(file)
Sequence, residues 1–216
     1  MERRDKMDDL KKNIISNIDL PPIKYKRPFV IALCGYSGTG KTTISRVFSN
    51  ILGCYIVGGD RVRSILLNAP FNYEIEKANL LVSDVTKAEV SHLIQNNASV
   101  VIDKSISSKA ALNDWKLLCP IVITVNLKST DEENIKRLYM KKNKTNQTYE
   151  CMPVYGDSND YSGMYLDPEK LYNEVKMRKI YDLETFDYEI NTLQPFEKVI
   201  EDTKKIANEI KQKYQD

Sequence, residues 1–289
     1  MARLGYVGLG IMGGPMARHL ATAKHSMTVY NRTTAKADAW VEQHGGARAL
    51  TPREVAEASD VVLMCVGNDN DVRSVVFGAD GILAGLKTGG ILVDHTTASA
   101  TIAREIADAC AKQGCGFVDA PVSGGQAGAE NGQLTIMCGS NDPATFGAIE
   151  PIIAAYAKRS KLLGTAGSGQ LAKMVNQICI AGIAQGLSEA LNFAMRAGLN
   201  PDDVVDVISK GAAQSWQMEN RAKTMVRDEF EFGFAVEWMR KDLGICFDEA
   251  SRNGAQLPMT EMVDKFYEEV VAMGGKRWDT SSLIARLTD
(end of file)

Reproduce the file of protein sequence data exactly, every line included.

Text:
Sequence, residues 1–216
     1  MERRDKMDDL KKNIISNIDL PPIKYKRPFV IALCGYSGTG KTTISRVFSN
    51  ILGCYIVGGD RVRSILLNAP FNYEIEKANL LVSDVTKAEV SHLIQNNASV
   101  VIDKSISSKA ALNDWKLLCP IVITVNLKST DEENIKRLYM KKNKTNQTYE
   151  CMPVYGDSND YSGMYLDPEK LYNEVKMRKI YDLETFDYEI NTLQPFEKVI
   201  EDTKKIANEI KQKYQD

Sequence, residues 1–289
     1  MARLGYVGLG IMGGPMARHL ATAKHSMTVY NRTTAKADAW VEQHGGARAL
    51  TPREVAEASD VVLMCVGNDN DVRSVVFGAD GILAGLKTGG ILVDHTTASA
   101  TIAREIADAC AKQGCGFVDA PVSGGQAGAE NGQLTIMCGS NDPATFGAIE
   151  PIIAAYAKRS KLLGTAGSGQ LAKMVNQICI AGIAQGLSEA LNFAMRAGLN
   201  PDDVVDVISK GAAQSWQMEN RAKTMVRDEF EFGFAVEWMR KDLGICFDEA
   251  SRNGAQLPMT EMVDKFYEEV VAMGGKRWDT SSLIARLTD